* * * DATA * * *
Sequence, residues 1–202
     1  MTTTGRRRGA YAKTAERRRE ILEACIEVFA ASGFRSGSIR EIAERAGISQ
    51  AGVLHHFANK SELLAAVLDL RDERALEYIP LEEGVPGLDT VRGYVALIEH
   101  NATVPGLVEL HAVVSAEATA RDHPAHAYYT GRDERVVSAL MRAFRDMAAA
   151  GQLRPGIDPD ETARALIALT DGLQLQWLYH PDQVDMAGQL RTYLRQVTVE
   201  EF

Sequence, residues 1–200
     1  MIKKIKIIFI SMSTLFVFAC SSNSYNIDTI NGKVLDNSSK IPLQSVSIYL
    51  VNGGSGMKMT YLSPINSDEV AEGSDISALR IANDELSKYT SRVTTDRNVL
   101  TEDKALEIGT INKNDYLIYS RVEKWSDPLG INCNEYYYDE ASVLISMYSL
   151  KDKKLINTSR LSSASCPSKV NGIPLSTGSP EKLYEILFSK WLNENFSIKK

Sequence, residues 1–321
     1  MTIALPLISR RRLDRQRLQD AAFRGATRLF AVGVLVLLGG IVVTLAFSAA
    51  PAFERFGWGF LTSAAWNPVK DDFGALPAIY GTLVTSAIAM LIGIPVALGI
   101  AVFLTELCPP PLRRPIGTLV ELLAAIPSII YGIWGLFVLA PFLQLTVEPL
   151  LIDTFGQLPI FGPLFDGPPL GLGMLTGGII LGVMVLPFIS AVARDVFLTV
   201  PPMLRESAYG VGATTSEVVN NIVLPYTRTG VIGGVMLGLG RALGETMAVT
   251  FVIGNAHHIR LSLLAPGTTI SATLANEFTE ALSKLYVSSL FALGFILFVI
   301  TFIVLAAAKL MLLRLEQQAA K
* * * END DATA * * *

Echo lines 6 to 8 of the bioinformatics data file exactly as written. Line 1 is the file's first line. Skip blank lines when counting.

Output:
   201  EF

Sequence, residues 1–200
     1  MIKKIKIIFI SMSTLFVFAC SSNSYNIDTI NGKVLDNSSK IPLQSVSIYL